A change is as good as a rest No thanks! Unadventurous Brits have had the same haircut their entire lives – and will NOT be changing it any time soon
16:08 GMT, 28 November 2012
A change is as good as a rest, the old saying goes. But when it comes to our real lives, we Brits are an unadventurous bunch.
Far from ringing the changes or experimenting with the new, it turns out we are a nation who knows what we like – and we like what we know.
Evidence of our reluctance to embrace the new comes with the news that a third of us have had the same hairstyle our entire life, according to a new study.
Stuck in a rut: Kate had been criticised for sticking with the same hair style for years – then surprised us all by unveiling a new look last night (right)
The research reveals 55 per cent of men are so resistant to change they have always had the same hair cut. And we are so stuck in a rut that 43 per cent of us say we see no reason to change our hair style in future.
The Duchess of Cambridge, who has been criticised by some for sticking with the same hair style for years, has managed to break out of her style rut, and just last night showcased a trendy new look.
The study, carried out by energy company E.ON, found that 27 per cent of Brits admit they simply don’t like change in their life – and more often than not it's a case of better the devil you know.
As a result our adult life is full of constants.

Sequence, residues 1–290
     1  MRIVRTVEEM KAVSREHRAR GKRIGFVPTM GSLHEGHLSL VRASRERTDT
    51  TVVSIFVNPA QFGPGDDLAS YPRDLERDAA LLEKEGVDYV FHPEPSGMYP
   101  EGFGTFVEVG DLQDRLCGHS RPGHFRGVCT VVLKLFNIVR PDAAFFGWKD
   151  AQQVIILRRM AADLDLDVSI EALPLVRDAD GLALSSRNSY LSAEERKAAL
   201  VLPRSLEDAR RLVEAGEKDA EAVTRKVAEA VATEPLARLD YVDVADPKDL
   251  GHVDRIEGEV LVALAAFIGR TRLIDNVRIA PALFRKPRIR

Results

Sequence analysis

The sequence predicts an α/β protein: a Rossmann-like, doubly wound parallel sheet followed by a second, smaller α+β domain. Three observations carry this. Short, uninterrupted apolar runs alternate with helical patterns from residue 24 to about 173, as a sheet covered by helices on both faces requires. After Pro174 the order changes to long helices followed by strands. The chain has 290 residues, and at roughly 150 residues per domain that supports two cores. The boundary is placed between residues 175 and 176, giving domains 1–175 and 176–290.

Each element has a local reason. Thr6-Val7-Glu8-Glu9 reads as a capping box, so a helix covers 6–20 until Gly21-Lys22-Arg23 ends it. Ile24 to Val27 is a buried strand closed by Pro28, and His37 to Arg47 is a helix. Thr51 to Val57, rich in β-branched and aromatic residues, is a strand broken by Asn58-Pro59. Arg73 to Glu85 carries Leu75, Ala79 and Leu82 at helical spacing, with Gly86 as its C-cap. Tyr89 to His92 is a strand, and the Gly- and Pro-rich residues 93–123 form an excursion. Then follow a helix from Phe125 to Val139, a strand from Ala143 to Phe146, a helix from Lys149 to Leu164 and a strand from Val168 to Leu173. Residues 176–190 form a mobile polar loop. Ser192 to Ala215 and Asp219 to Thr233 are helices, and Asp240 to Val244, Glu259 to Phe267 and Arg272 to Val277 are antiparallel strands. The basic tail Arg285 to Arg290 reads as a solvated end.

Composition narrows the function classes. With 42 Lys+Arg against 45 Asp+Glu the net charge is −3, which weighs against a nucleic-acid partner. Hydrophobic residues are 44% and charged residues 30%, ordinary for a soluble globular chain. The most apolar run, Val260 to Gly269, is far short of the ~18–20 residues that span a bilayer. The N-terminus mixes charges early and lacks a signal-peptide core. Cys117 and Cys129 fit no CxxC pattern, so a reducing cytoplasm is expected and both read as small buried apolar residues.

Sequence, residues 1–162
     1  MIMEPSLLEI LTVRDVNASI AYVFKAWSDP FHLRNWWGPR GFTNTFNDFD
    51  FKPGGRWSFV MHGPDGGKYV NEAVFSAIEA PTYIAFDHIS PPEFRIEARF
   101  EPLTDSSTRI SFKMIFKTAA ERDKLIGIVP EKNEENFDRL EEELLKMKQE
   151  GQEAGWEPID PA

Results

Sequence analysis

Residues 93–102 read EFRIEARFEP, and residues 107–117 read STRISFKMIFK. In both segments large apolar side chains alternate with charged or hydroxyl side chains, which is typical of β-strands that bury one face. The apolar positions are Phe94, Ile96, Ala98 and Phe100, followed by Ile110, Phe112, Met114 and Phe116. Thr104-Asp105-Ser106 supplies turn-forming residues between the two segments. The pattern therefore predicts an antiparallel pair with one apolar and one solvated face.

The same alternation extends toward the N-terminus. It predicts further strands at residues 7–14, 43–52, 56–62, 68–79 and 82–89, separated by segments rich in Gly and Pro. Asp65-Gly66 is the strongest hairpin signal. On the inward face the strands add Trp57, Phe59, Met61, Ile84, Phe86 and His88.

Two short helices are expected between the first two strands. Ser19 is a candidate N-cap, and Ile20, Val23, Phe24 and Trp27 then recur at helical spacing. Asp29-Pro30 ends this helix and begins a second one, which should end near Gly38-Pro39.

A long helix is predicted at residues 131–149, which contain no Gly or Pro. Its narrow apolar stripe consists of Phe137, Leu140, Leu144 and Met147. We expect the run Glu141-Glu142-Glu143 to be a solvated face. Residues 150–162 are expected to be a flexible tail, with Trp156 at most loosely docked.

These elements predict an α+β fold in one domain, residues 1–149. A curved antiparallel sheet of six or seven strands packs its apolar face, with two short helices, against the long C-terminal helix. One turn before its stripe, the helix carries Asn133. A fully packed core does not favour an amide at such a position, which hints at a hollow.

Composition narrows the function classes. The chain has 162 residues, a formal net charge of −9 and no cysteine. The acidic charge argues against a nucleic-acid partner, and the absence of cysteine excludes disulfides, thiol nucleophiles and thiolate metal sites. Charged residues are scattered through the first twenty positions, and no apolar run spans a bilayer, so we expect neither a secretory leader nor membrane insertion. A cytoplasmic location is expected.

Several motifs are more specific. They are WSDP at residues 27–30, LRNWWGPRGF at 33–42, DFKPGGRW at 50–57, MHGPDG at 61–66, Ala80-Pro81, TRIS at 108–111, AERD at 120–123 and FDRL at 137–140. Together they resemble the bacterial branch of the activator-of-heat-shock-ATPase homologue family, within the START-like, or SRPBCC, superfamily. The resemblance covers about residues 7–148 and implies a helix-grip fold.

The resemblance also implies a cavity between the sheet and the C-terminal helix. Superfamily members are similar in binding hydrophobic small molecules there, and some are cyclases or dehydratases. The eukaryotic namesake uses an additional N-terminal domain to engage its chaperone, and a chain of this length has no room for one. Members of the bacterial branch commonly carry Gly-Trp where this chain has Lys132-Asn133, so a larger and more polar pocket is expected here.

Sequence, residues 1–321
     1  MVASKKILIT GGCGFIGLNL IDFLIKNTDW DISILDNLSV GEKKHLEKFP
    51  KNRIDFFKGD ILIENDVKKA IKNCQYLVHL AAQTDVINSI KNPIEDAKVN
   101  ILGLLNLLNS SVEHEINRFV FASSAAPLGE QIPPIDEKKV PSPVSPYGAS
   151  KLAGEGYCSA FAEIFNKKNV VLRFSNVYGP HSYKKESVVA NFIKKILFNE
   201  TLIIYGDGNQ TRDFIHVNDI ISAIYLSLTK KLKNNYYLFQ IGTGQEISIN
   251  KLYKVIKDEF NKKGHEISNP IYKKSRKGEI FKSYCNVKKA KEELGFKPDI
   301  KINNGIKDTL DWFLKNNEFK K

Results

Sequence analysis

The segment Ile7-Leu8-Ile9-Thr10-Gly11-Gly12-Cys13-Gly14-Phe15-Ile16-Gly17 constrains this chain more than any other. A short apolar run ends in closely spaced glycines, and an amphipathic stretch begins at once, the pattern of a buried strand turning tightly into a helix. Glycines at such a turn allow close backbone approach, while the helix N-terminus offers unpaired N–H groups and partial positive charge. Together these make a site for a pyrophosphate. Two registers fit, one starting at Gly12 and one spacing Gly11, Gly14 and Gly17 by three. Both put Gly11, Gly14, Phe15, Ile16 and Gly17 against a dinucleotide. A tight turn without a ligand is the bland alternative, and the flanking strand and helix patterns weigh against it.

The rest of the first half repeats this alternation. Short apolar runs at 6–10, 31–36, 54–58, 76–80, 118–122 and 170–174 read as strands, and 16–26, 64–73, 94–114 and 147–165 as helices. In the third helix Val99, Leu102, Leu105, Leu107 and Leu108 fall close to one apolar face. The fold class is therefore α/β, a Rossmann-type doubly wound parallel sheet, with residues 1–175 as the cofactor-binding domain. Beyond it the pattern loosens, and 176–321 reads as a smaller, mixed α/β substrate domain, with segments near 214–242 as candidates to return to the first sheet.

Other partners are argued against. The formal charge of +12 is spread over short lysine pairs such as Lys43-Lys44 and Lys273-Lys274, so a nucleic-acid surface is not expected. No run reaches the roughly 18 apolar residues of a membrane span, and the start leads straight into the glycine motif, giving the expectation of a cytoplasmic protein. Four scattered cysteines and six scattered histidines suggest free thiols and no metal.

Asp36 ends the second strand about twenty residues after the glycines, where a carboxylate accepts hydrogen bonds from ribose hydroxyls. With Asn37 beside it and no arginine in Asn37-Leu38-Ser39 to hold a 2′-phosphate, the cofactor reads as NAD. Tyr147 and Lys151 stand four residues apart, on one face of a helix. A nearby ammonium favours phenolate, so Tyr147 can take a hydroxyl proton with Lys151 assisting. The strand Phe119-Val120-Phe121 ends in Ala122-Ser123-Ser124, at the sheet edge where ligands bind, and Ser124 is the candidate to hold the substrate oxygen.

Two thirds (64 per cent) admit they have never moved their bank account and 53 per cent of adults say they have never changed job.
Meanwhile, 35 per cent say they have had the same hairstyle since their mother stopped cutting it.
Although 22 per cent of women maintain they should sport a different style at least once every three months, 62 per cent of men say they will die with their current cut.
It seems we come up with a host of excuses for avoiding making changes in our lives.
Creatures of habit: 43 per cent of us say we see no reason to change our hair in future
Even when we are keen to take the plunge it seems we find barriers, with 29 per cent claiming they ‘don’t know where to start’.
A quarter (25 per cent) admit they are simply too lazy and 21 per cent say they don’t have time to make real changes.
As a result, 56 per cent of Brits confess their lives are stuck in rut.
When we do take steps to address this, the study suggests we usually do so to save money or for health reasons.
Our inability to address issues evidently preys on our minds. The survey found that their resistance to change leaves 39 per cent of Brits feeling guilty, 34 per cent ruing their laziness and 30 per cent feeling stressed.
Psychologist Linda Papadopoulos said: 'When you don’t have the time to do something or don’t understand it, it’s perhaps natural to bury your head in the sand or become stressed.
'A key part of the problem is the pressure we put ourselves under.
'Take a step back and set yourself realistic goals and deadlines to achieve these.
'Once you’ve made the first few positive changes, you’ll feel motivated to carry on and achieve more.'
Guy Esnouf, from E.ON, said: 'With everyone leading such busy lives we know how easy it is to get stuck in a rut – and be too tired at the end of the day to do anything about it.
'We want to encourage people to think which parts of their life they can change to reap financial and emotional benefits.'